Will easy-money scams continue to haunt us?
It is gravely concerning that online scams are showing no signs of letting up; in fact, as the days pass, they just take new forms to deceit people. A recent report has brought to light how at least a hundred unsuspecting individuals have been duped through elaborate online scams. With so many such incidents making headlines regularly, we wonder what's stopping the administration from taking robust measures to stop them.
To illustrate the extent of damage, the report mentioned how one individual gave away over Tk 9 lakh to scammers. The plan goes like this: fraudsters offer online jobs with unusually high remuneration for menial tasks, such as subscribing to YouTube channels. Once they gain trust by paying a small remuneration, they urge victims to invest to earn even more. The story ends with the criminals vanishing with the invested money.
These stories are more harrowing when we hear that sometimes people borrow heavily from banks, friends, and family in the hopes of earning easy money. Scams like this thus eventually upturn lives and devastate families. According to a report by Prothom Alo, an estimated Tk 22,000 crore remains stuck in MLM and e-commerce platforms, unlikely to ever be recovered, with approximately one crore potential victims of scams. Over the last 15 years, Tk 92,000 crore has also been looted via bank scams, as per the Centre for Policy Dialogue (CPD).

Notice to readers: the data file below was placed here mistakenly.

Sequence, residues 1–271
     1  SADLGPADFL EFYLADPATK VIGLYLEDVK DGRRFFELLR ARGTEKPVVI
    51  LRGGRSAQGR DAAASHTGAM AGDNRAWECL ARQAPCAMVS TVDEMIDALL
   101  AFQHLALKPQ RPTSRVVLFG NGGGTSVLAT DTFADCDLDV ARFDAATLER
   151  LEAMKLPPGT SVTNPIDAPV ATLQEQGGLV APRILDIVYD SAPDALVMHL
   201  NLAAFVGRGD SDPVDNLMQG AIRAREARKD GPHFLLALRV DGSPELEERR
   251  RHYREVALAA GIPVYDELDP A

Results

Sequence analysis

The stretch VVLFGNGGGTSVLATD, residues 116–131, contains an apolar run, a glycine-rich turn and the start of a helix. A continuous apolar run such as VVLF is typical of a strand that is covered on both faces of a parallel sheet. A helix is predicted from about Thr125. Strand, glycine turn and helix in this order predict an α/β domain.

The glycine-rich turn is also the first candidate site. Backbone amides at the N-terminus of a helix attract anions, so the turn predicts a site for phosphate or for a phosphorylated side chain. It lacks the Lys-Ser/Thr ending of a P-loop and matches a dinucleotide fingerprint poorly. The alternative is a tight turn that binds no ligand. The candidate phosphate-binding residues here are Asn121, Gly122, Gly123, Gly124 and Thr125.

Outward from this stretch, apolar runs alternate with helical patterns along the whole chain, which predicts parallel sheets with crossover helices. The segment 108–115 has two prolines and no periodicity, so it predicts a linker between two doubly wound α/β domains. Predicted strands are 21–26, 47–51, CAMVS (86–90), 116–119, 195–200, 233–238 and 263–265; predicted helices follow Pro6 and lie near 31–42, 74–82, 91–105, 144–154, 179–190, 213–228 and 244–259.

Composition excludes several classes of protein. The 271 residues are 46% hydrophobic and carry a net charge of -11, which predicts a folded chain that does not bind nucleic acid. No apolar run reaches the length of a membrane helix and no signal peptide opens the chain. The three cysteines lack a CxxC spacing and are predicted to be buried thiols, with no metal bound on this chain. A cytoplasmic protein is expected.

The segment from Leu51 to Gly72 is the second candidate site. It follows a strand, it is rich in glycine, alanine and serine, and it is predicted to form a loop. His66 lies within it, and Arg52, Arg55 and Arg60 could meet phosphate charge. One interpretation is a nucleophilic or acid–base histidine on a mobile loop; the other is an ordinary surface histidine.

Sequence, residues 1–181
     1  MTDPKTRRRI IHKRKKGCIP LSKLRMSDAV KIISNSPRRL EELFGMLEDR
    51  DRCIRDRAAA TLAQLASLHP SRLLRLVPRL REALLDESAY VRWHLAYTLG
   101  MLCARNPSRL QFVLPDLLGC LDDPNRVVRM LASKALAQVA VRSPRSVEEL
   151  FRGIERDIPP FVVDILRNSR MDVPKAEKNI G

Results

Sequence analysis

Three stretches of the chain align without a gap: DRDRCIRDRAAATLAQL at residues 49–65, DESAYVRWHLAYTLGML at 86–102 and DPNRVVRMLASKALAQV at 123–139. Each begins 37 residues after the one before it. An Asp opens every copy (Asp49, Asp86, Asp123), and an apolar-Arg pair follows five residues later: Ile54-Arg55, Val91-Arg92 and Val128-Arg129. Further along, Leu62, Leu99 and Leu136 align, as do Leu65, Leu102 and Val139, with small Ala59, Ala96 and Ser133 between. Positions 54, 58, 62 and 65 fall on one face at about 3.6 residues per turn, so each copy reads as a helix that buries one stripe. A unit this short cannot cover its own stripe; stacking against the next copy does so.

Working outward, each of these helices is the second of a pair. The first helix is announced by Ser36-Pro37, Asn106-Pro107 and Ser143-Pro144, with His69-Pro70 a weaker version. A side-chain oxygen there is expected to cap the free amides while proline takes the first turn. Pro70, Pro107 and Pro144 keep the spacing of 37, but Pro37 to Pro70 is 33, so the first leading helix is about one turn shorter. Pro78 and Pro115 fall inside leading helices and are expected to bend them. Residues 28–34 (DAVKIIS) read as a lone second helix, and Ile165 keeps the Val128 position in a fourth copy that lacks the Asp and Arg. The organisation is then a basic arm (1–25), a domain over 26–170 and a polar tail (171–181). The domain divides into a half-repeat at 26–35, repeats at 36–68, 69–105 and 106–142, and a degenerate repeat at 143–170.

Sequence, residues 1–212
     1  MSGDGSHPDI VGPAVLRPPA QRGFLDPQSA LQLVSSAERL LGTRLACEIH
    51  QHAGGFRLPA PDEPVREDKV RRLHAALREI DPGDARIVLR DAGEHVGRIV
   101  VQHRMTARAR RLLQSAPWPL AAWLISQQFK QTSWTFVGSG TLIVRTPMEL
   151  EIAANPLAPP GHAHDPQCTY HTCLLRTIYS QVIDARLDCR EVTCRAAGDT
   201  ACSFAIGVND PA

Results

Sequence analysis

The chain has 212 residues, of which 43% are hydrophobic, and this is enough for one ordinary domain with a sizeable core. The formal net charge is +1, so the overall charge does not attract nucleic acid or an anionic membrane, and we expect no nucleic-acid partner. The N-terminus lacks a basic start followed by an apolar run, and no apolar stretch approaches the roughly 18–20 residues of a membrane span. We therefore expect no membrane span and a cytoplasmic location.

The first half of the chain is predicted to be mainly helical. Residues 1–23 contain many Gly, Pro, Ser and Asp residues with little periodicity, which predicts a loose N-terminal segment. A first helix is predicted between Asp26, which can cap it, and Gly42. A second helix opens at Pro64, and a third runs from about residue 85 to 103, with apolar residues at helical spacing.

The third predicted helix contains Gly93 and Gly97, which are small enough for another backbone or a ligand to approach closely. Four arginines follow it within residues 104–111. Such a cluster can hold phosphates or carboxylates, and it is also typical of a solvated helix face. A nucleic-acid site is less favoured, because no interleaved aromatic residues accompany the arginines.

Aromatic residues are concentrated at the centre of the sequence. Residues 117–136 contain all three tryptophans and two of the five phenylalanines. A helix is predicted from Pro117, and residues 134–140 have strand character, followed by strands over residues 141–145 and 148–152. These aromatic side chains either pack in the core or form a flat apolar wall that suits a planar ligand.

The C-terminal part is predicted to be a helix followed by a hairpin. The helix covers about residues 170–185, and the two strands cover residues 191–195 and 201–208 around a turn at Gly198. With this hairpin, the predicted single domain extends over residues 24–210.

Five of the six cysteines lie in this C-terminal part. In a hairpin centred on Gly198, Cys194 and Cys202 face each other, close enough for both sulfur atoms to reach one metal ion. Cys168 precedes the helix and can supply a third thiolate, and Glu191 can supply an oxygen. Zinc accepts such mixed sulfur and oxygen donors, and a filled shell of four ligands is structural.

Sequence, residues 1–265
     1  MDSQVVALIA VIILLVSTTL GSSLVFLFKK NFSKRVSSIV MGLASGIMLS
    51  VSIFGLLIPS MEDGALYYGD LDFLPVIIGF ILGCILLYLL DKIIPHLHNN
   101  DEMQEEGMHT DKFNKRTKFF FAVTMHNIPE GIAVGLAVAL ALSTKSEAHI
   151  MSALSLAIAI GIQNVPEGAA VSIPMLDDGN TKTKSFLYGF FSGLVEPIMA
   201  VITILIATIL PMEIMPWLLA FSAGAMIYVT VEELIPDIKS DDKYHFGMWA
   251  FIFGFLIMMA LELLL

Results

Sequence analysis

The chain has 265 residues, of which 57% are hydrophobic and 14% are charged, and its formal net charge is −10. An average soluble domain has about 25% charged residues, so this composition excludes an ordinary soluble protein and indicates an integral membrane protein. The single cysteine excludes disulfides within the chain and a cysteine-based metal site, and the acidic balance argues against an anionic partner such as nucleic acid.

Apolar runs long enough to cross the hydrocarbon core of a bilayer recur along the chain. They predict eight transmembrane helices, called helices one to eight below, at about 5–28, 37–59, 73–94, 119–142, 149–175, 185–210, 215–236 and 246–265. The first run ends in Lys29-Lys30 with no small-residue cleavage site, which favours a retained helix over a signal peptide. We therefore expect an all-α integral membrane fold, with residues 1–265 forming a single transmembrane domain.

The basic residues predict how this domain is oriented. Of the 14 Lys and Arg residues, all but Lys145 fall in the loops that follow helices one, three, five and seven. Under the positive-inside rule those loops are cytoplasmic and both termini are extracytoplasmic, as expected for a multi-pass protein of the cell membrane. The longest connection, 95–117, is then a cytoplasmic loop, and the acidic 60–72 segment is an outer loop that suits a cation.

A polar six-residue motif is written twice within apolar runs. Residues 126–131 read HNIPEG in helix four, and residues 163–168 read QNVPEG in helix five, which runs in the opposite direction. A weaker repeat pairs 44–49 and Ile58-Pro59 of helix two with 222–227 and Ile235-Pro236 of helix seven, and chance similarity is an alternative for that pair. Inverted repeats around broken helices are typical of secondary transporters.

Why—even after so many sensational scams—do our people still fall prey to these crimes or criminals? While greed is certainly a factor, we cannot ignore the systemic pitfalls. The blame must not solely fall on victims, but also on the prevailing financial insecurity, inequality, and lack of adequate financial governance. Jobseekers are especially vulnerable to fraud as they may be in desperate need of money. The government can—and must—address these issues to eliminate this plague.
Right now, the authorities should ramp up online vigilance and provide appropriate training to law enforcers for tackling crimes on social media. Laws must not remain on paper; swift action is a must to deter scammers. Besides, as foreign nationals are getting increasingly involved in these ploys, international collaboration and monitoring is essential. Finally, large-scale awareness campaigns are imperative to educate people on how to detect scams. These measures, along with resolving the deep-seated structural issues, can help root out such online frauds.